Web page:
A bit off-topic of the blog but a science building on campus is hosting a discussion with Guadeloupe-born footballer, Lilian Thuram. He was considered to be one of the best players in Europe; his best-known accomplishment of his 15-year career playing defender with Monaco, Parma FC, Juventus, FC Barcelona and the French national team, is contributing to France winning the 1998 World Cup.
However, Thuram was forced into retirement in 2008 following a diagnosis of cardiac hypertrophy (ventricular, I assume, and pathological, not typical “athlete’s heart”). The same condition claimed Thuram’s brother while playing.
Thuram is here not to talk about soccer but rather racism. The auditorium is more packed than I have ever seen for a scientific talk.
Following his retirement, he established the Lilian Thuram Foundation to use education of young people as a strategy for combating racism in Europe. In politics, Thuram made headlines during the 2007 French elections by calling out the institutionalized racism of Nicolas Sarkozy.
“Sarkozy’s rhetoric isn’t quasi-racist, it is racist,” Thuram said in an interview with Spain’s El Mundo newspaper.
“He wants to create a ministry of immigration and national identity and that’s dangerous … When you start to divide people and see one group here, Muslims there, the blacks over there, you teach people to see others as different.”
Sarkozy has defended his plans for a ministry to protect France’s traditional values, saying France had a “gigantic problem” with integration.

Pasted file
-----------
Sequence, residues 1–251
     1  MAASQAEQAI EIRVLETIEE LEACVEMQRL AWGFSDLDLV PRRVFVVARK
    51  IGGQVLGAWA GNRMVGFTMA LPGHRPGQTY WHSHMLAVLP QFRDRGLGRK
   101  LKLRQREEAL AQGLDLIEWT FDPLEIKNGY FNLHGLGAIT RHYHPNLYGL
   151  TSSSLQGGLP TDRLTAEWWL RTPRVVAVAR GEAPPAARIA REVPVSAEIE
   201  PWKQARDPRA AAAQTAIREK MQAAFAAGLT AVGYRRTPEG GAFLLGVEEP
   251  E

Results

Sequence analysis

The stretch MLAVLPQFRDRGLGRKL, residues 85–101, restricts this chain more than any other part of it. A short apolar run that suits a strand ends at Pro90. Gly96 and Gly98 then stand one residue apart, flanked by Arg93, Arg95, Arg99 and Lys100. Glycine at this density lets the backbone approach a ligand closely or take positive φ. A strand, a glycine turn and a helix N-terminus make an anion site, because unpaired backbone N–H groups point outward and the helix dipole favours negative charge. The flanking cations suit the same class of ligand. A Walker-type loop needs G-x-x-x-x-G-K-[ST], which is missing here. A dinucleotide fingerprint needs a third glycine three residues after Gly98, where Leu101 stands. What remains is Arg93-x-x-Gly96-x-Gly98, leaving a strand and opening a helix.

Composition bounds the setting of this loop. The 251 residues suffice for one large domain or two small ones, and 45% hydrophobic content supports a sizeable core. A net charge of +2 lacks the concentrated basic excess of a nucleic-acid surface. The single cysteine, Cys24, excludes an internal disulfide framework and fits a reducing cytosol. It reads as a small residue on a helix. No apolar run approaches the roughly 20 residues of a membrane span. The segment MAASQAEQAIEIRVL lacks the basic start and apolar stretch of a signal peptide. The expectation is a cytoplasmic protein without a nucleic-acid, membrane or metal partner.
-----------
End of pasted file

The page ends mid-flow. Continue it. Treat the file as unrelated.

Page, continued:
“What is being integrated? My mother is French, my father is French. Why do I have to be ‘integrated’? Because I am black. You’d never ask if a white man was integrated,” Thuram was quoted as saying.
“France doesn’t have a problem with immigration, it has a problem with citizenship. Some French people don’t think other Frenchmen are French. If I stop playing football tomorrow and I go back to France, people won’t see me as a Frenchman, they’ll see me as an immigrant,” he said.
Thuram is using a translator but it’s great to see some of the students asking him questions in French.
Someone asks the obvious question: He doesn’t have to do this; he could just enjoy retirement. But what exactly does he think young people could do:
Study how injustices happen, pay attention to history and use it to teach/learn personal responsibility to make changes no matter your station in life. You don’t have to be a famous footballer to stand up against racism in your classroom and community.
Previously, Thuram had been under the impression that advances against racism in the US was due to increasing the teaching of African American history in our schools as part of a mandatory curriculum. Since visiting the last few days, he now realizes this is not the case.
Interesting point was made that when first generation of blacks came to France, they made little demands of government; it is only now that the next generation grows up in France that he feels there is at least some resistance even as those in power may institutionalize racism. If I understood the translator correctly, he notes that this may be what is happening in the US with Lations.
One student who is French and black feels that racism gets worse every time she goes back. Thuram says that his perception is that the pushback and demands of blacks (and Muslims) are drawing out racist behavior into the public.